Authors' Licensing and Collecting Society

The Authors' Licensing and Collecting Society (ALCS) is a British organization that works to ensure that writers are fairly compensated for any of their works that are copied, broadcast or recorded. It has operated in the United Kingdom since 1977. From that year to 2007, the ALCS distributed over £156 million to authors, and at the end of 2007 had in excess of 55,000 members.


The ALCS was founded in 1977 after a long campaign in the United Kingdom by the Writers' Action Group (WAG) for writers to receive remuneration for the lending of their works by libraries. Then known as the Authors' Lending and Copyright Society, it was incorporated on 23 March 1977 to handle:

However, the organization that was eventually responsible for distributing the fees obtained from the lending of books in libraries was the Public Lending Right

In 1982 the Copyright Licensing Agency was founded by ALCS and the Publishers Licensing Society (PLS). ALCS receives the majority of its income (65–70%) from the CLA's photocopying licensing schemes.

Aims and operation

The ALCS represents the interests of all UK writers and aims to ensure they are fairly compensated for any works that are copied, broadcast or recorded. The organization declares that it is dedicated to protecting and promoting authors' rights:

  • by encouraging the establishment of collective licensing schemes, where appropriate;
  • by fostering an awareness of copyright issues to enable writers to maximise their income; and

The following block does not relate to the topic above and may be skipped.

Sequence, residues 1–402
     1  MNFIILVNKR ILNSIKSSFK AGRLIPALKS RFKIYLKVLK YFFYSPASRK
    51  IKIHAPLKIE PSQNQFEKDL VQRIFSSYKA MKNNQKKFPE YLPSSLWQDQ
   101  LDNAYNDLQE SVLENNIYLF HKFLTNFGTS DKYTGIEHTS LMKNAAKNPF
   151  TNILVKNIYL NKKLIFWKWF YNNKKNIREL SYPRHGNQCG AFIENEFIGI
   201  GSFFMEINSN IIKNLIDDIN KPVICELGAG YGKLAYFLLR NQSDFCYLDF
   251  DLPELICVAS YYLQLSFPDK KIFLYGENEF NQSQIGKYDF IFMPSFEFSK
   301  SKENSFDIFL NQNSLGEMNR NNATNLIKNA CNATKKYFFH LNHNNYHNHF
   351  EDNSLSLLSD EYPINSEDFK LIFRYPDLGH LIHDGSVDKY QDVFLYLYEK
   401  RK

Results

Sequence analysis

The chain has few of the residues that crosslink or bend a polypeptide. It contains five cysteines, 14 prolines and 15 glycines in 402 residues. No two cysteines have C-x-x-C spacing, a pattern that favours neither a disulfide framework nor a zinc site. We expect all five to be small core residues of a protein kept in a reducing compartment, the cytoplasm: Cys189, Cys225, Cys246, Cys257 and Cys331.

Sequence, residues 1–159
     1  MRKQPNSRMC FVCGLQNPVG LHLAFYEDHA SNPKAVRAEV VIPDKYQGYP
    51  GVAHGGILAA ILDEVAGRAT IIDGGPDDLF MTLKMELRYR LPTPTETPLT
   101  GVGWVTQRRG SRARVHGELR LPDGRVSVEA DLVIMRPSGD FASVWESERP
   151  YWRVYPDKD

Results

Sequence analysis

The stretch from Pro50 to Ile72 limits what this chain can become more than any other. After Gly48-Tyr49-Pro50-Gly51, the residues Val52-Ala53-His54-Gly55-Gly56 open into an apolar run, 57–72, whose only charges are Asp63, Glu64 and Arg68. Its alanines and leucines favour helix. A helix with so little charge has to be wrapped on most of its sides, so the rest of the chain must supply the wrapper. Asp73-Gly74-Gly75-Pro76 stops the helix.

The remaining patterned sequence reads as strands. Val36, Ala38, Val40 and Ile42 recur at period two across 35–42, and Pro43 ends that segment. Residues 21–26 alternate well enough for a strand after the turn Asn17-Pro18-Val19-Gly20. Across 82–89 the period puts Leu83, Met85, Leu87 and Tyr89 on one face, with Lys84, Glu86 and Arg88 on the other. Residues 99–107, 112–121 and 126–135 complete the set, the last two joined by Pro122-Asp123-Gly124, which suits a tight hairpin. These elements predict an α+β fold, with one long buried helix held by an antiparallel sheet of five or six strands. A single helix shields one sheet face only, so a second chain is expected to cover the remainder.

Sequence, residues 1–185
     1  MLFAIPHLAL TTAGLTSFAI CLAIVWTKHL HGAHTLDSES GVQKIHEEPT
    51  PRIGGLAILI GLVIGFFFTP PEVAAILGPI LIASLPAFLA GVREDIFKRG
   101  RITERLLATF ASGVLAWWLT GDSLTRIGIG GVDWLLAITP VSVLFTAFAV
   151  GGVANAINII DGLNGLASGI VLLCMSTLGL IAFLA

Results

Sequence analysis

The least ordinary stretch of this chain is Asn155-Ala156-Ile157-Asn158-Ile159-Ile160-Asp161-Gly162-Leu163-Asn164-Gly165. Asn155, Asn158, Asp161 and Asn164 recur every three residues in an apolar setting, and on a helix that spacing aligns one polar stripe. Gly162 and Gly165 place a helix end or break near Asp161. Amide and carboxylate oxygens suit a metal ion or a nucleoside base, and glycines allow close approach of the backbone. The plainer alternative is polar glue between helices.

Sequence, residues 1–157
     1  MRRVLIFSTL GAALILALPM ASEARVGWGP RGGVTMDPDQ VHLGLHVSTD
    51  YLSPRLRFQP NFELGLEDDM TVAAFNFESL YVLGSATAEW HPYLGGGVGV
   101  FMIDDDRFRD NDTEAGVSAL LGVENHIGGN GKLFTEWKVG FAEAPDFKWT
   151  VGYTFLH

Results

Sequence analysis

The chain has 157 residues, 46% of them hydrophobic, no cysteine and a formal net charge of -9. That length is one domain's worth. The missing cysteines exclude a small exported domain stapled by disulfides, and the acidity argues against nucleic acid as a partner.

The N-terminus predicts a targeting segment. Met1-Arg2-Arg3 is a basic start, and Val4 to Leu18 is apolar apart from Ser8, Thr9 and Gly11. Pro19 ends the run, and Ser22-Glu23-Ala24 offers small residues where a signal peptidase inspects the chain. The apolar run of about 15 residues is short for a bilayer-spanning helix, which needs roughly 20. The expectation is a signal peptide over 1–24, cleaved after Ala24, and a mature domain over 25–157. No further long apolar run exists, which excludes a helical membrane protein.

• by ensuring that fees resulting from such schemes are efficiently collected and distributed.

ALCS's ordinary members sign a mandate that authorizes the Society to license and collect royalties on their behalf. ALCS is granted authority to exercise rights on each author's behalf as part of schemes for the collective administration of royalties in the UK and abroad. The rights range from photocopying and repeat broadcast transmission in the UK and internationally to reproduction in journals and repeat use through the Internet and digital reproduction. The authority entitles ALCS in agreed circumstances to permit or forbid the exercise of the rights, grant licences, collect fees for use and damages for misuse and take action to defend and protect the rights.

From its inception in 1977 to 2007, the ALCS distributed over £156 million to authors, and in the 2006–2007 financial year it paid over £16.74 million to over 45,000 authors. At the end of 2007, it had 59,449 members.

As an authority on copyright matters and authors' interests, the ALCS is committed to fostering an awareness of intellectual property issues among the writing community. It monitors matters affecting copyright both in the UK and internationally, and makes regular representations on writers' behalf to the UK government and the European Commission.


The ALCS is governed by a board of 12 directors which is made up of working writers. Four directors are nominated by the Society of Authors, four by the Writers' Guild of Great Britain, and four independent directors are elected by the Society's ordinary members. The Board is responsible for the overall performance of the Society, which is incorporated as a company limited by guarantee.

ALCS has two standing committees. The Finance Sub Committee, which meets three times a year, monitors the financial performance of the company and advises the Board on any variations from agreed budgets. It also advises the Executive on its financial strategy, and alerts the Executive to key financial issues which the Board should be addressing. The Distribution Sub Committee meets five or six times a year to review ALCS's royalty distribution policies and proposes developments and changes to the Board. An Authors' Rights Working Party meets three or four times a year to develop, together with the Executive, the Society's plans for rights awareness and education.


External links

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